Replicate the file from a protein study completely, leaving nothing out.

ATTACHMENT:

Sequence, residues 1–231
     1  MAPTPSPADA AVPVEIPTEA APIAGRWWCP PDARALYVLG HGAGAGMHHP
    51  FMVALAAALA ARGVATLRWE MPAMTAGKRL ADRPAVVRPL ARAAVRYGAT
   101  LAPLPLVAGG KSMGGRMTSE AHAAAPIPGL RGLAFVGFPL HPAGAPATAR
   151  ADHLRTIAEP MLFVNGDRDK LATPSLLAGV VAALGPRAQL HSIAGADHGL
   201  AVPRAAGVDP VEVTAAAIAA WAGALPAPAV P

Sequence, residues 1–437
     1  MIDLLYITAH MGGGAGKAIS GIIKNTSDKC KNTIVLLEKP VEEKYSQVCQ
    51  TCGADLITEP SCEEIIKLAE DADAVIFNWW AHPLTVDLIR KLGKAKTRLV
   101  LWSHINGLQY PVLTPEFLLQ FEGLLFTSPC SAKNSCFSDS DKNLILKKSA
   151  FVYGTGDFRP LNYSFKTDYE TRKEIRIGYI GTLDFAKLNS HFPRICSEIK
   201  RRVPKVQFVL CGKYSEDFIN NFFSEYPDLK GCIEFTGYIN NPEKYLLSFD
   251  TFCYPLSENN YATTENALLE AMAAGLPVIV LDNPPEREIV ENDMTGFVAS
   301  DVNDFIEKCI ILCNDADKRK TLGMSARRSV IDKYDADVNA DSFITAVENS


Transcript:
Sequence, residues 1–231
     1  MAPTPSPADA AVPVEIPTEA APIAGRWWCP PDARALYVLG HGAGAGMHHP
    51  FMVALAAALA ARGVATLRWE MPAMTAGKRL ADRPAVVRPL ARAAVRYGAT
   101  LAPLPLVAGG KSMGGRMTSE AHAAAPIPGL RGLAFVGFPL HPAGAPATAR
   151  ADHLRTIAEP MLFVNGDRDK LATPSLLAGV VAALGPRAQL HSIAGADHGL
   201  AVPRAAGVDP VEVTAAAIAA WAGALPAPAV P

Sequence, residues 1–437
     1  MIDLLYITAH MGGGAGKAIS GIIKNTSDKC KNTIVLLEKP VEEKYSQVCQ
    51  TCGADLITEP SCEEIIKLAE DADAVIFNWW AHPLTVDLIR KLGKAKTRLV
   101  LWSHINGLQY PVLTPEFLLQ FEGLLFTSPC SAKNSCFSDS DKNLILKKSA
   151  FVYGTGDFRP LNYSFKTDYE TRKEIRIGYI GTLDFAKLNS HFPRICSEIK
   201  RRVPKVQFVL CGKYSEDFIN NFFSEYPDLK GCIEFTGYIN NPEKYLLSFD
   251  TFCYPLSENN YATTENALLE AMAAGLPVIV LDNPPEREIV ENDMTGFVAS
   301  DVNDFIEKCI ILCNDADKRK TLGMSARRSV IDKYDADVNA DSFITAVENS